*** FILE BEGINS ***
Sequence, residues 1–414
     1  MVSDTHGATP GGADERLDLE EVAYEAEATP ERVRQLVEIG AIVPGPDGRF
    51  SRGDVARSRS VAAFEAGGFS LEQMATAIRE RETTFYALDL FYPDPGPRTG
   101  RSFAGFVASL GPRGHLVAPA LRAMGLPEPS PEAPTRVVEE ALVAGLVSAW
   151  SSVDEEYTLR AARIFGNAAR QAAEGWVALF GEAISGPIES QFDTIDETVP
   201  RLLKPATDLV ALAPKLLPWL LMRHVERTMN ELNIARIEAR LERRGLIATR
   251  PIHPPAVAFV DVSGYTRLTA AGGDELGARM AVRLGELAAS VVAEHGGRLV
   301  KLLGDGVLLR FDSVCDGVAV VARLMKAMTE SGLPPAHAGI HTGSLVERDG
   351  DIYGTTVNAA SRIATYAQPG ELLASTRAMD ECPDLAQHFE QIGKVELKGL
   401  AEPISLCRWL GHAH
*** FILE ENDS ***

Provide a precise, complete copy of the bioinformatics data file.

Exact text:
Sequence, residues 1–414
     1  MVSDTHGATP GGADERLDLE EVAYEAEATP ERVRQLVEIG AIVPGPDGRF
    51  SRGDVARSRS VAAFEAGGFS LEQMATAIRE RETTFYALDL FYPDPGPRTG
   101  RSFAGFVASL GPRGHLVAPA LRAMGLPEPS PEAPTRVVEE ALVAGLVSAW
   151  SSVDEEYTLR AARIFGNAAR QAAEGWVALF GEAISGPIES QFDTIDETVP
   201  RLLKPATDLV ALAPKLLPWL LMRHVERTMN ELNIARIEAR LERRGLIATR
   251  PIHPPAVAFV DVSGYTRLTA AGGDELGARM AVRLGELAAS VVAEHGGRLV
   301  KLLGDGVLLR FDSVCDGVAV VARLMKAMTE SGLPPAHAGI HTGSLVERDG
   351  DIYGTTVNAA SRIATYAQPG ELLASTRAMD ECPDLAQHFE QIGKVELKGL
   401  AEPISLCRWL GHAH